Saturday, March 05, 2011

Difference in Wording Dooms Bankruptcy Discrimination Claim

A debtor who was denied a job based on a bankruptcy filing found out the hard way that subtle differences in wording can make a big difference. Burnett v. Stewart Title, No. 10-20250 (5th Cir. 3/4/11). You can find the opinion here.

In September 2006, Shani Burnett filed for chapter 13 bankruptcy relief. The following year, she interviewed with Stewart Title. She was offered a job subject to a background check. When Stewart Title found out about the bankruptcy, they rescinded the offer. Burnett filed suit against Stewart Title under 11 U.S.C. Sec.525, which is titled "Protection Against Discriminatory Treatment." The Bankruptcy Court dismissed the Complaint for failure to state a cause of action and the District Court affirmed.

The Fifth Circuit as well. What would have been a good claim against a public employer failed to state a cause of action against a private employer. Section 525(a) says that a public employer may not "deny employment to, terminate the employment of, or discriminate with respect to employment against" a debtor. Sec. 525(b) states that a private employer may not "terminate the employment of, or discriminate with respect to employment against" a person who has filed bankruptcy.

The Debtor argued that refusing employment based on bankruptcy constituted "discrimination with respect to employment," one of the two clauses applicable to a private employer. The Fifth Circuit conceded that the argument might be reasonable in isolation, but failed when the two subsections were read together.

Burnett and amicus curiae contend that the act of denying employment to a person is to “discriminate with respect to employment against” that person, such that it is barred by the plain language of § 525(b). If § 525(b) were considered in isolation, Burnett’s position may have merit. However, when interpreting the meaning of a phrase in a statute, the statute must be read as a whole because “ ‘Act[s] of Congress . . . should not be read as a series of unrelated and isolated provisions.’ ” (citation omitted).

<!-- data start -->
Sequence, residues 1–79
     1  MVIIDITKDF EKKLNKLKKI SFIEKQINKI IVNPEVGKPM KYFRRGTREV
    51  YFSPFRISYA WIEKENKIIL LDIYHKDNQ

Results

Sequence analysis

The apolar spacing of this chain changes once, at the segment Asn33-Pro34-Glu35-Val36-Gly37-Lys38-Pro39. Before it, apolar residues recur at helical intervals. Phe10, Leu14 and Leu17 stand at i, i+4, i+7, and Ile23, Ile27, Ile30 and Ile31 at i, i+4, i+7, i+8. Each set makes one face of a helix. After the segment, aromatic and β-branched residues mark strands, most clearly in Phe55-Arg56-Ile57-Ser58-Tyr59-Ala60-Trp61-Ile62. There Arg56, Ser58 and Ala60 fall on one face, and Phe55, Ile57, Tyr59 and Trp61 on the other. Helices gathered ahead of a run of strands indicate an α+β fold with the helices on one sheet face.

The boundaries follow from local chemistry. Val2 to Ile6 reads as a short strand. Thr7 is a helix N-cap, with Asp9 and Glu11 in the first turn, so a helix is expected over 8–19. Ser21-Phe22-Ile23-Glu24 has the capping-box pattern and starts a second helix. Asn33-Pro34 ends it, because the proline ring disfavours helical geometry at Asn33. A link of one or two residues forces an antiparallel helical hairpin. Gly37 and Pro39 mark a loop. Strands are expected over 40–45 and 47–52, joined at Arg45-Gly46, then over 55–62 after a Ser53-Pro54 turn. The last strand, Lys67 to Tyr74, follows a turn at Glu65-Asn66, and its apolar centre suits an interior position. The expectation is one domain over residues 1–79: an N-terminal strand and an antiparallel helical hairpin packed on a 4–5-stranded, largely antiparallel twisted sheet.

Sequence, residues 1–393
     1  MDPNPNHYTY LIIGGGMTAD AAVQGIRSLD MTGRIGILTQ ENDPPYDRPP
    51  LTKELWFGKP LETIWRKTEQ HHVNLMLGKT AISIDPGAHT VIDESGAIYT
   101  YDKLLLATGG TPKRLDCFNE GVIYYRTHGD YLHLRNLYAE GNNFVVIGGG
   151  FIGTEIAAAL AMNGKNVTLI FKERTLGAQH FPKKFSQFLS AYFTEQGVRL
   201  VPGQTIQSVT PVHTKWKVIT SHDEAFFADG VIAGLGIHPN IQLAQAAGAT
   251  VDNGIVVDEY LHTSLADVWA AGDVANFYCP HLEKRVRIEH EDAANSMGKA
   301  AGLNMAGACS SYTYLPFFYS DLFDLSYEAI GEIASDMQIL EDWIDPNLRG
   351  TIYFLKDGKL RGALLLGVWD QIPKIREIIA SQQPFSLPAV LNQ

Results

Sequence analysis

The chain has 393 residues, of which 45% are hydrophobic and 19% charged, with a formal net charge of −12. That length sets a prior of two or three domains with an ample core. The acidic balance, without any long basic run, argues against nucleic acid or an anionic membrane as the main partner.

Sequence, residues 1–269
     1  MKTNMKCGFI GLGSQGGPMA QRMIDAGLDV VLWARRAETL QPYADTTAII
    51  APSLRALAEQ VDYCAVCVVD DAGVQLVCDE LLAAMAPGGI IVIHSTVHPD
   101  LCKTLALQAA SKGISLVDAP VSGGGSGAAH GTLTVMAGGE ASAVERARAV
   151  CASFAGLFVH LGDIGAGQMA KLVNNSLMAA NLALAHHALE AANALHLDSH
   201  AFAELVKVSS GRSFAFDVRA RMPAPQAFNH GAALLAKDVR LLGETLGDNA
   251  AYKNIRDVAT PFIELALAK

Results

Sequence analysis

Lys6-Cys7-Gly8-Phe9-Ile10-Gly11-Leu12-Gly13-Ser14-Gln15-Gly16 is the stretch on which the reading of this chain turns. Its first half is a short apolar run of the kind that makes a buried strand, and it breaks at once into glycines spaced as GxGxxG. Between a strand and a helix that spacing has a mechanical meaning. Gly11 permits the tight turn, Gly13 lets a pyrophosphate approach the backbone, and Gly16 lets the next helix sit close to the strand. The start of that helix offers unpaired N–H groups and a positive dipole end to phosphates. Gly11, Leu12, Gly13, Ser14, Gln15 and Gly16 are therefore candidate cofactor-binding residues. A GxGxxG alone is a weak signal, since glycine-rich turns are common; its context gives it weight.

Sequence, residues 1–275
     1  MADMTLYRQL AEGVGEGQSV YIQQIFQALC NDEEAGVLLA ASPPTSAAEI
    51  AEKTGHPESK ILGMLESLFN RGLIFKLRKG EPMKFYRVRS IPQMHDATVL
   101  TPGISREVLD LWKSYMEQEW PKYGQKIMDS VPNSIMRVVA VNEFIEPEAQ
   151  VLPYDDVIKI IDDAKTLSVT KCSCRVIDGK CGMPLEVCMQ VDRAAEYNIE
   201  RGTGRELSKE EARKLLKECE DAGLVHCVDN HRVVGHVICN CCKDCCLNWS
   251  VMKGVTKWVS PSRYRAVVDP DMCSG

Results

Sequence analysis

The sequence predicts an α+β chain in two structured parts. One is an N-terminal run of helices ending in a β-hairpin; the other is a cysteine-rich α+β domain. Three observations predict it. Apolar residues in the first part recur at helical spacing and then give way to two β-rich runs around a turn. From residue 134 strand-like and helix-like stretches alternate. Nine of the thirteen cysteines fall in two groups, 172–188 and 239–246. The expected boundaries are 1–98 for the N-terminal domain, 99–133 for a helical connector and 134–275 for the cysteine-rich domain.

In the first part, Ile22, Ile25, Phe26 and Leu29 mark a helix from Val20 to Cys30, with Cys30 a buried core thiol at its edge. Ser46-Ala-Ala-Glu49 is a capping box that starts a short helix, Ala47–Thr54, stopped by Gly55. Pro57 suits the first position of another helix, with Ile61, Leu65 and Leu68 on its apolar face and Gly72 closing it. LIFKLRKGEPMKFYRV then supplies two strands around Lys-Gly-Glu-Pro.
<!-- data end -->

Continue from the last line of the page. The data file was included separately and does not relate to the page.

* * *

Applying . . . canons of statutory construction to § 525(b), we conclude that Congress did not prohibit private employers from denying employment to persons based on their bankruptcy status.

Opinion, pp. 2-3, 5.

The Fifth Circuit's opinion is spot on. Where one subsection expressly applies to denial of prospective employment and the second one does not, the omission must be given effect. The bottom line is that public employers may not discriminate against either existing or prospective employees based on their bankruptcy status, but private employers must only protect existing employees.

The Bankruptcy Court opinion by Judge Jeff Bohm makes an important point:

If Stewart Title had actually offered Burnett a position and if she had accepted the offer, then an employment relationship would have arisen, and any discrimination thereafter based on Burnett's bankruptcy status would have been unlawful under Sec. 525(b). (citation omitted). However, because Burnett was never formally hired and never had an employment relationship with Stewart Title, Stewart Title did not violate Sec. 525(b) by refusing to hire Burnett based on her bankruptcy status.
Memorandum Opinion, Burnett v. Stewart Title, Adv. No. 08-3239 (Bankr. S.D. Tex. 10/14/08), pp. 6-7.

While it is unfortunate that the prospective employee did not receive "protection against discriminatory treatment," the statutory wording dictated the result. Private employers may reject potential employees based on bankruptcy status.

1 comment:

Bankruptcy Attorney Alex Wathen said...

The Fifth Circuit used the negative indirect implication from the absence of the phrase "deny employment" to limit the plain meaning of the broad phrase "discriminate with respect to employment." I tried to argue to the panel that auto repair shops who advertise "Foreign, Domestic, European" does not mean that European is not a foreign car but they did not agree with me.

What is lost in all this discussion is that my client Shani Burnett is a highly skilled and competent paralegal who suffered unfair discrimination by Stewart Title because she was in a Chapter 13. This ruling gives carte blanche to an employer to refuse to hire a legitimate bankruptcy filer like Shani Burnett, but the same employer can take no action against a ten time serial filer if he or she is already employed by that organization. The panel was likewise not interested in my absurd results argument.

Alex Wathen